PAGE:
How does it get setup in the first place? – Assuming one party wants to receive payments and the other party either doesn’t want to pay or doesn’t want as much as being asked, then one side or the other will petition a family court to setup child or spousal support, or both. In family court, because one party is petitioning the court for something and the other is responding, they are called the Petitioner and Respondent respectively. When the Petitioner petitions the court, typically a hearing will be setup, though the court will probably order mediation to take place first. If an agreement is reached, or if there was no argument in the first place, a “no contest” order can be drawn up and signed off by both sides and the judge making it official. If the two sides don’t agree, they will go to court. Family court hearings are similar to other court hearings in that both sides can have witnesses testify and each party can testify themselves. Evidence will be collected, typically things like W-2’s, paystubs, tax returns, bank records, etc. After hearing all of this, the judge will ultimately rule on the Petitioner’s claim, and decide if child support and/or spousal support is warranted and if so, how much.

How is it actually paid? – this varies by state as well, but this will usually go through the AG’s office for that state, and once an order is signed off by a judge and processed, one side will make payments to the AG’s office, either manually, through automatic payments, or from their paycheck directly, and the other side will have an account that receives money which can again be setup to transfer funds to a bank account.

Generally speaking when two people are married, all the money and property they come into while they are married is considered to be split 50/50, regardless of who makes what. The idea then is that each person gets accustomed to the lifestyle and so in a divorce can argue that they should be able to keep said lifestyle. Often the man earns more because of the wage gap in our country, but if the woman earns more then she would end up paying. This all has to be litigated and isn’t a guarantee, sometimes couples agree to not do this. Also pre-nuptial agreements can make sure that this doesn’t happen if both parties wish it.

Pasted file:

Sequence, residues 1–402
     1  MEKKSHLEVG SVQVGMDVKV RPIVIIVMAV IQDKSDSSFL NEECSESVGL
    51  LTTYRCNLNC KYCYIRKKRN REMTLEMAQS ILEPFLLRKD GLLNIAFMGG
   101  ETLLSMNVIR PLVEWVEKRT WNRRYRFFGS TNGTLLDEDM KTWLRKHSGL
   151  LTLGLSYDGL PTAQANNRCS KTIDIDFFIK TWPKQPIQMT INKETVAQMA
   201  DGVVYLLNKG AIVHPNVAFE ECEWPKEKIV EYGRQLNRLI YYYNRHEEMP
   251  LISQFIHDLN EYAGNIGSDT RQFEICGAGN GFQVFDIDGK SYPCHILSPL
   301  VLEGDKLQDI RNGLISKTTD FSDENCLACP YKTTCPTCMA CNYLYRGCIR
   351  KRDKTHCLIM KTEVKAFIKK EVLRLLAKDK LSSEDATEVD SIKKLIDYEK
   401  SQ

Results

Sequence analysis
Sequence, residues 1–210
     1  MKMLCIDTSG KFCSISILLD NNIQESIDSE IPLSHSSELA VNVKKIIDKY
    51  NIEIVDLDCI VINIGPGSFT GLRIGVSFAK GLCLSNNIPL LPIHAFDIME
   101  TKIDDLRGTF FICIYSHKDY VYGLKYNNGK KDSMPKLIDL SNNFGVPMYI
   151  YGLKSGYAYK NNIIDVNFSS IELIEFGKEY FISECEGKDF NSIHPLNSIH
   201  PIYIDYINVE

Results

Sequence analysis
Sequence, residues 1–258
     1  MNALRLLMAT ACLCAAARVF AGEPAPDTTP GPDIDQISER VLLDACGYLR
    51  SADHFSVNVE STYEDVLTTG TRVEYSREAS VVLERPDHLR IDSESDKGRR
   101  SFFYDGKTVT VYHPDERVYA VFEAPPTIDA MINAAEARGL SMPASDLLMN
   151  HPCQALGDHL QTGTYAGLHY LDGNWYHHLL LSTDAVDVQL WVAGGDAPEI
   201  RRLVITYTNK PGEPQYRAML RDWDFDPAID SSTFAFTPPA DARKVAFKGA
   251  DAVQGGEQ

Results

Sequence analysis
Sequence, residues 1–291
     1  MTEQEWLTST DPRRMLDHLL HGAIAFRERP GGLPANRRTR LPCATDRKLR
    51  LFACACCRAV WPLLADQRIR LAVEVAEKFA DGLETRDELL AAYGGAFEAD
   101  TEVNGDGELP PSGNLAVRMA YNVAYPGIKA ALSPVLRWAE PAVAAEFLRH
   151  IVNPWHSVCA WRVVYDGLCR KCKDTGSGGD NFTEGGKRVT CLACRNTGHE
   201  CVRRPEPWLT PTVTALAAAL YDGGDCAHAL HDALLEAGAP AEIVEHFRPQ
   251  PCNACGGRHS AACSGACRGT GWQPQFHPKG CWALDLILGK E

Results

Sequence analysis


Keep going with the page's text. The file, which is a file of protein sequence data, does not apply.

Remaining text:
Child support is similar, but you also have to factor in who is actually the primary caregiver of a child, since caring for a child everyday costs a lot of money. So even if dad earns less, if he is not really present in taking care of the child, he could still have to pay to help mom keep up with all the child’s needs. Courts most commonly rule to keep children with their mother whenever possible, so you get more fathers paying child support (which often means they don’t have as much time taking care of the children). But it all varies and there are certainly unfit mother scenarios or instances where the mom just wants to move on and is paying child support too.

In both situations the couple can usually agree of whatever they want, and even keep the courts out of it if they can remain amicable. Things like evidence of cheating or abandoning the family can often factor in as well (usually not in favor of the offending party).

It depends on jurisdiction, but in broad terms:

Child support has to do with, obviously, the financial support of the children. Food, clothes, education, healthcare, all the expenses that go into raising and supporting a minor. It’s usually based on the joint incomes of the parents, who has primary custody, etc. The policy behind child support – and almost any laws regarding minors – is what is in the best interest of the child.

Alimony is a different beast. Historically, alimony was usually awarded to the wife/mother, because women traditionally were housewives raising kids. And with no career, or job, women were completely dependent on the husband’s income. Even now, women make on average 71 cents to every man’s dollar. So that is taken into consideration.

Spousal support (from either spouse to the other) has changed over the years. For instance, there is no default spousal support in Washington State, and such support is usually limited in time.

It depends on jurisdiction, but in broad terms:

Child support has to do with, obviously, the financial support of the children. Food, clothes, education, healthcare, all the expenses that go into raising and supporting a minor. It’s usually based on the joint incomes of the parents, who has primary custody, etc. The policy behind child support – and almost any laws regarding minors – is what is in the best interest of the child.

Alimony is a different beast. Historically, alimony was usually awarded to the wife/mother, because women traditionally were housewives raising kids. And with no career, or job, women were completely dependent on the husband’s income. Even now, women make on average 71 cents to every man’s dollar. So that is taken into consideration.

Spousal support (from either spouse to the other) has changed over the years. For instance, there is no default spousal support in Washington State, and such support is usually limited in time.